The Upanishads give various illustrations to describe the bliss enjoyed in sleep. A falcon, tied to a post by a long string, flies hither and thither and finally, when exhausted and in need of rest, goes back to the post to which it is tied. Similarly, the mind, after experiencing joys and sorrows in the waking and dream states, becomes absorbed in its cause, avidya, in the state of deep sleep. The jiva then becomes one with the supreme Self and enjoys bliss (Ch.Up. 6.8.2 and Br.Up. 4.3.19). A baby, having fed at the breast of its mother, and being free from attachment and aversion, lies in its bed, enjoying its natural bliss. A sovereign emperor, endowed with discrimination and having at his command all the virtuous pleasures within the reach of human beings, and consequently being free from further desire, remains as bliss personified. A great Brahmana who has realized Brahman remains established in the supreme bliss of enlightenment in the state of jivanmukti, having achieved all that was to be achieved. The innocent child, the discriminating emperor and the enlightened Brahmana are examples of supreme bliss. Others are subject to sorrow and not entirely happy. In deep sleep, however, every one enjoys the bliss that is Brahman. In that state he is not conscious of anything internal or external, like a man in the tight embrace of his beloved wife (Br. Up. 4.3.21). The experiences of the waking state are external and those of dream are internal. The Brihadaranyaka Upanishad says that in the state of deep sleep, a father ceases to be a father, a mother ceases to be a mother, worlds cease to be worlds, and so on (4.3.22). Thus all worldly ideas are absent. Then jivahood ceases and Brahman alone remains. Grief is the consequence of identifying oneself as father, son etc. In deep sleep, when such identification is absent, there is no sorrow. One who has woken up from sleep recollects that he slept happily and knew nothing. Recollection presupposes experience. In deep sleep the Self reveals itself as bliss and it also reveals ignorance. Brahman is self-luminous bliss. In deep sleep the mind and intellect remain latent in their cause, avidya. They become manifest when the person wakes up. The person then remembers his experience of happiness and total ignorance during sleep. The state of deep sleep in which the mind and intellect are latent is called the bliss-sheath. When the person wakes up, the mind and intellect sheaths again become manifest. It is the sheath of bliss that is the enjoyer and it is the bliss of Brahman that is enjoyed. In the waking state the modifications of the intellect, which are the instruments of cognition, cover various objects of knowledge, but in deep sleep they become one undifferentiated mass of consciousness. In deep sleep there are no mental modifications in the form of sorrow. The state of deep sleep, in which bliss is enjoyed, ceases and the person wakes up when prompted by his karma. The impression of the bliss enjoyed in sleep remains for a short time after waking up. Then, impelled by his karma, he sets about performing his duties and gradually forgets the bliss of Brahman.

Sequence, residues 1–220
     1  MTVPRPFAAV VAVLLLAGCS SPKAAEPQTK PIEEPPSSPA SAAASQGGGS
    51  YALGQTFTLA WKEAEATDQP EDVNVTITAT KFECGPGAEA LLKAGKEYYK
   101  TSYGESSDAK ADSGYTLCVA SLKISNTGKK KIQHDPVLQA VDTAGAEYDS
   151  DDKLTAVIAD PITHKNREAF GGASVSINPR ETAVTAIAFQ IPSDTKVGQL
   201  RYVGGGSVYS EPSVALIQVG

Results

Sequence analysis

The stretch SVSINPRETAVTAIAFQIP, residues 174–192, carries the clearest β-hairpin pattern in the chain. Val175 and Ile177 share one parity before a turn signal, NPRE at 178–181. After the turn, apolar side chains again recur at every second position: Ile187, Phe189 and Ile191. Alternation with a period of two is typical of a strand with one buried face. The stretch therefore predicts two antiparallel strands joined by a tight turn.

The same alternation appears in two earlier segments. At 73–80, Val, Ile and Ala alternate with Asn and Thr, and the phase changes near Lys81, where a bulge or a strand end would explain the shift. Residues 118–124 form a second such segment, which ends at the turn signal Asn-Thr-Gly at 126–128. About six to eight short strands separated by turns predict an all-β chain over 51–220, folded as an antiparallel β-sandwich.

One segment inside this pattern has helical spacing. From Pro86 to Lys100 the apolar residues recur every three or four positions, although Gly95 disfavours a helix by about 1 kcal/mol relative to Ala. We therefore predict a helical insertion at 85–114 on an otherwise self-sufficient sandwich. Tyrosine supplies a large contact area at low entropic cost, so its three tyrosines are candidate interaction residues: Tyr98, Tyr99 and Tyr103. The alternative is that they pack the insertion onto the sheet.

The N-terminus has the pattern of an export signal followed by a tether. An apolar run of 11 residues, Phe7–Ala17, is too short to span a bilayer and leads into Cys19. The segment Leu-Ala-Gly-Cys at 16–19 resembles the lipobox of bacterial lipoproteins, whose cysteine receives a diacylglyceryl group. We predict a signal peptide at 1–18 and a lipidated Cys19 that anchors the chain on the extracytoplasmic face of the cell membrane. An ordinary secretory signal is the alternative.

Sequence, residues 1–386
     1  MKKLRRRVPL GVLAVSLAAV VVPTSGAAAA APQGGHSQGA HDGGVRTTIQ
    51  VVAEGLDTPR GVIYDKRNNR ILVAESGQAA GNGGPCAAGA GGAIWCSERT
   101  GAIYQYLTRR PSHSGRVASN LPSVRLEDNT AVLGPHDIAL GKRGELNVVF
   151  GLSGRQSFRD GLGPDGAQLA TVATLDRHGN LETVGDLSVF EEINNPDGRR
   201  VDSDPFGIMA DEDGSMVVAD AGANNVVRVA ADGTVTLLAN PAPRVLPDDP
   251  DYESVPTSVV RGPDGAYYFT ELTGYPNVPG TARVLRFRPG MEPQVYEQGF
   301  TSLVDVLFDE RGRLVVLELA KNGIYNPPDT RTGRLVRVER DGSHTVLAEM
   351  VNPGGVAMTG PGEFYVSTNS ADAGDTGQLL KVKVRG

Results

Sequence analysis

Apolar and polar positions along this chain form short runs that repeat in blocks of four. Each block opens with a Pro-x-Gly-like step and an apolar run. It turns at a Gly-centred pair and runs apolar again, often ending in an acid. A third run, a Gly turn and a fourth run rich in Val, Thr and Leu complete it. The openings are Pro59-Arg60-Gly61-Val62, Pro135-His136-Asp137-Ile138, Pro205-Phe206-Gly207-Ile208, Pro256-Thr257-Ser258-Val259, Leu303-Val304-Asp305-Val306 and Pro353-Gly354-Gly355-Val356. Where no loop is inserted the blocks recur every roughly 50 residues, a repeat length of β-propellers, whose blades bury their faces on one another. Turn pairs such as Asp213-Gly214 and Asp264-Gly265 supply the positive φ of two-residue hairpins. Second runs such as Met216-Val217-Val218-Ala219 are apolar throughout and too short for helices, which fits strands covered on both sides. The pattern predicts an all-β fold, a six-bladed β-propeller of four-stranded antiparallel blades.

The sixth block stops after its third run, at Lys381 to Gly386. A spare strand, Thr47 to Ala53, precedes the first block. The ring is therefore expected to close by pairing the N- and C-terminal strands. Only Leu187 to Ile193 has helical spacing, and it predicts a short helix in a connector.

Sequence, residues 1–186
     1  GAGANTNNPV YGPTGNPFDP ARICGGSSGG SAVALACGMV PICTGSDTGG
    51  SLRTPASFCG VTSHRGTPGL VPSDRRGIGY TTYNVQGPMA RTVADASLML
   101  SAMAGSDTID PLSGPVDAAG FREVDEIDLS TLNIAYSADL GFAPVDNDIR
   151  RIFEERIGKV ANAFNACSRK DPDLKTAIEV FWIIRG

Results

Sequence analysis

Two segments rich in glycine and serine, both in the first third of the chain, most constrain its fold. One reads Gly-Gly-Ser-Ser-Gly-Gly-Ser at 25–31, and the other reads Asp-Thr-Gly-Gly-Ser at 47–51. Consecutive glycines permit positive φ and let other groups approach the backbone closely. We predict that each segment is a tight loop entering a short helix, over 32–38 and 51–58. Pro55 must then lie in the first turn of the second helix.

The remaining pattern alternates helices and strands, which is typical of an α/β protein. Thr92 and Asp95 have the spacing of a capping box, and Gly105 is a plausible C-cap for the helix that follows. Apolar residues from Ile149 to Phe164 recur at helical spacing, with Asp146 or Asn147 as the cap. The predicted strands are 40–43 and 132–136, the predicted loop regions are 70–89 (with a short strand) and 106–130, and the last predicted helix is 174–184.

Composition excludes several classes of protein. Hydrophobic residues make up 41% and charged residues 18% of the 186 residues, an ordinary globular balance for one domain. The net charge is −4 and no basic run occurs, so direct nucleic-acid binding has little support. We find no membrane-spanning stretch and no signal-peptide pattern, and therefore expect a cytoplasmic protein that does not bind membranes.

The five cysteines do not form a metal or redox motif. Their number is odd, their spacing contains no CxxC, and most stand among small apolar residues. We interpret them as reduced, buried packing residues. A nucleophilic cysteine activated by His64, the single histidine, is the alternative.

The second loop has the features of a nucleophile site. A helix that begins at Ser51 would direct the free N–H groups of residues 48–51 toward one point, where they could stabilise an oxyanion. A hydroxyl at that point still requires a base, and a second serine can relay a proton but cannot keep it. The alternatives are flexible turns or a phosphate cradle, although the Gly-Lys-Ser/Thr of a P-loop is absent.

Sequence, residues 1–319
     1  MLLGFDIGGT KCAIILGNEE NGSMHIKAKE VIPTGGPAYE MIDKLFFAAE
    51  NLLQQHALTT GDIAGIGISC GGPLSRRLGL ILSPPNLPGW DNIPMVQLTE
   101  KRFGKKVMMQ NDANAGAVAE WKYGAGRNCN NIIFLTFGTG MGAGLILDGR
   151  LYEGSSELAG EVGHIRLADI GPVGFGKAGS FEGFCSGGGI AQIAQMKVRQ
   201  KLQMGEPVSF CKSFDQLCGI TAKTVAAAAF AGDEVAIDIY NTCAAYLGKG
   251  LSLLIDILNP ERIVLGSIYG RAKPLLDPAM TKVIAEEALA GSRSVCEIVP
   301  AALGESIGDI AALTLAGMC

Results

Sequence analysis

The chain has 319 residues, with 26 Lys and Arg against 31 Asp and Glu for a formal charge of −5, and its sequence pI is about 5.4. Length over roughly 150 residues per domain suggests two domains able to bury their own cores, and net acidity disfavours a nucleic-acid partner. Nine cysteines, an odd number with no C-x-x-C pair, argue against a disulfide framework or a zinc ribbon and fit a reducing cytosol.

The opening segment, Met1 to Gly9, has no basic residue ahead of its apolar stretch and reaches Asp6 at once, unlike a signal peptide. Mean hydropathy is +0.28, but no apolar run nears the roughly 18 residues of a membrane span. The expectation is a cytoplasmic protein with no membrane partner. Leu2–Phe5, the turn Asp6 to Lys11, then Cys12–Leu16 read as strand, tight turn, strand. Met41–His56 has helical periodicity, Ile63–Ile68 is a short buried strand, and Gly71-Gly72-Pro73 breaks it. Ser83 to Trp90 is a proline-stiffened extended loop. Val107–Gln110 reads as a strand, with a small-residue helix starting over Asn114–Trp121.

Even though every one enjoys bliss during sleep, he does not realize that bliss to be Brahman itself. Mere intellectual knowledge about Brahman is not enough; Brahman should be realized as one's own self.

Whenever happiness is experienced even without any external object or any event to which it could be attributed, it should be understood to be the impression (vasana) of the bliss of Brahman. The happiness experienced on the fulfillment of any desire is due to the reflection of the bliss of Brahman in the mental modification (vritti). This happiness is called vishayananda, or happiness from the enjoyment of external objects. There are thus only three kinds of happiness: Brahmananda or the bliss of Brahman, Vasanananda or the happiness which is an impression of Brahmananda, and Vishayananda or the reflection of the bliss of Brahman in the mind. Brahmananda is self-revealing and it is what gives rise to the other two kinds of happiness.